The Summer of Us by Cecilia Vinesse
Aubrey and Rae have been planning their trip around Europe practically from the moment they became BFFs in primary school. And, now, it ought to be the perfect way to spend their last summer together before university.
But things are more complicated at eighteen than they were at ten. There’s Jonah, Aubrey’s seemingly perfect boyfriend, and his best friend Gabe, the boy Aubrey may have accidentally kissed. And there’s Clara, the friend Rae is crushing on, hard, even though there’s no hope because Clara is definitely into guys, not girls.
Five friends. Ten days. Paris, Amsterdam, Prague, Florence, Barcelona. And a messy, complicated, can-this-really-be happening love story, or two … because how could there not be?
When this came in the post, I felt a little giddy. Wrapped in a crisp world map with some string, and a fake boarding pass to Prague, was The Summer of Us, a serious yet exciting debut about the changing of friendships as you get older, told during one last summer trip through Europe.
I went into this feeling excited about a contemporary on travel, not that they’re hard to come by, but after just coming back from Prague and desperate to go back out there again, I really felt like this book had come to my doorstep at the right time.
Changing friendships is not often talked about in YA. The strengthening of friendships, yes, the blossoming of new ones, of course. But the weakening and the ultimate separation of friendships isn’t – but it’s something we all experience, especially changing from one school to the next. I moved primary schools so often that I have no long lasting friendships from when I was a kid, and once I’d left for university, I found that I only stayed in contact with one person from high school. Even now, I can feel the threads breaking between university friends since graduating and coming back home.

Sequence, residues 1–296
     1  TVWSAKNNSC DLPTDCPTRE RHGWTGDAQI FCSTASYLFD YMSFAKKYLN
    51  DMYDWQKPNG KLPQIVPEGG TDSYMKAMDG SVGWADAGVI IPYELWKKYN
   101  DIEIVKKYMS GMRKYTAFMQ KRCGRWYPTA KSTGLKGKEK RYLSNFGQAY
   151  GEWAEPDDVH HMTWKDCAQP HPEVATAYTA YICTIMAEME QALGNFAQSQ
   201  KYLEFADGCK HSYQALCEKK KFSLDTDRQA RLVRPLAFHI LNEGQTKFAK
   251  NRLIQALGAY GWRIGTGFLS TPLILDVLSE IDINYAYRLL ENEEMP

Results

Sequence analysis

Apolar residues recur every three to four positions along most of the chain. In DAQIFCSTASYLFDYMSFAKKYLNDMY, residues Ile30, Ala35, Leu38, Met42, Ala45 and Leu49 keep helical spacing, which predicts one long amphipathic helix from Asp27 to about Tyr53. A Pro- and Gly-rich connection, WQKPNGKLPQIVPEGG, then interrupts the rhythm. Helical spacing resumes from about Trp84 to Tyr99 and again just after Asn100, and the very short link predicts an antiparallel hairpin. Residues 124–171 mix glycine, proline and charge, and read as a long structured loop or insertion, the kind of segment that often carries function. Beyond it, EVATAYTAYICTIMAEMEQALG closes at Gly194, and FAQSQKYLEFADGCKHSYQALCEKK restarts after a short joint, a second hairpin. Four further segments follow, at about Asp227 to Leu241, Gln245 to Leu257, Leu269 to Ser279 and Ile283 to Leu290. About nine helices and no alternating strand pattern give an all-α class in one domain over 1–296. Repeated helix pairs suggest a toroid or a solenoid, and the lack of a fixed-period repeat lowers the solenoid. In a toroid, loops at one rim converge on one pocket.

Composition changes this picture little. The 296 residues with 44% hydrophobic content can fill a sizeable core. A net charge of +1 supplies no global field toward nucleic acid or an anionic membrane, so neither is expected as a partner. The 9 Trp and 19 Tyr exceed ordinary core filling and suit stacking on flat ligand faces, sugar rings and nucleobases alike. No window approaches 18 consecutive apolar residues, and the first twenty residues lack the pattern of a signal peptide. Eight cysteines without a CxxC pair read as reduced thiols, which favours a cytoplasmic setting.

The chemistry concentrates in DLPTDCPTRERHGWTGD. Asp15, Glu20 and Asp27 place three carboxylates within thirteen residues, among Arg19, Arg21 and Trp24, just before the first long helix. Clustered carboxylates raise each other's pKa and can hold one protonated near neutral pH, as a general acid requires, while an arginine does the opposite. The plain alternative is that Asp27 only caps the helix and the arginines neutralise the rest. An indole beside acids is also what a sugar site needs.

Aubrey and Rae’s friendship may have worked during high school, but the change in personality, wants and needs, is evident during their trip through Europe, and it’s the real crux of the story rather than getting excited over seeing a small part of the world. Yeah, we love a travel story, I love a travel story, but I’m liking this refreshing take on the subtleties of friendships, and even the downside to some.
If this were a travel story, I would hope it would have focused on it more. The characters barely leave their hotels and Air BnBs when staying in the cities and only two of them explore Rome. When they visit Paris, Amsterdam and Prague, I found that either the author didn’t do too much research on the places or just didn’t want the reader to be too interested in the places when we should be focusing on the characters. We were given cobbled streets and narrow alleys and ‘churches’ rather than names and specific places. Not really a nostalgia or even an inspirational trip for me. It could have been set anywhere.
But like I said, it’s still a nice backdrop for what the characters were going through, and I especially loved Aubrey’s growth into independence and realising what she wants may not be exactly what she wants, but the influence of others. And of course, an F/F pairing thrown into the mix is everything you could want in YA story.
The Summer of Us comes out in June, perfect for summer reading, but maybe not so much if you want ideas for where to travel.
PUBLICATION DATE: 14TH JUNE 2018
RATING: ☆ ☆ ☆ ☆
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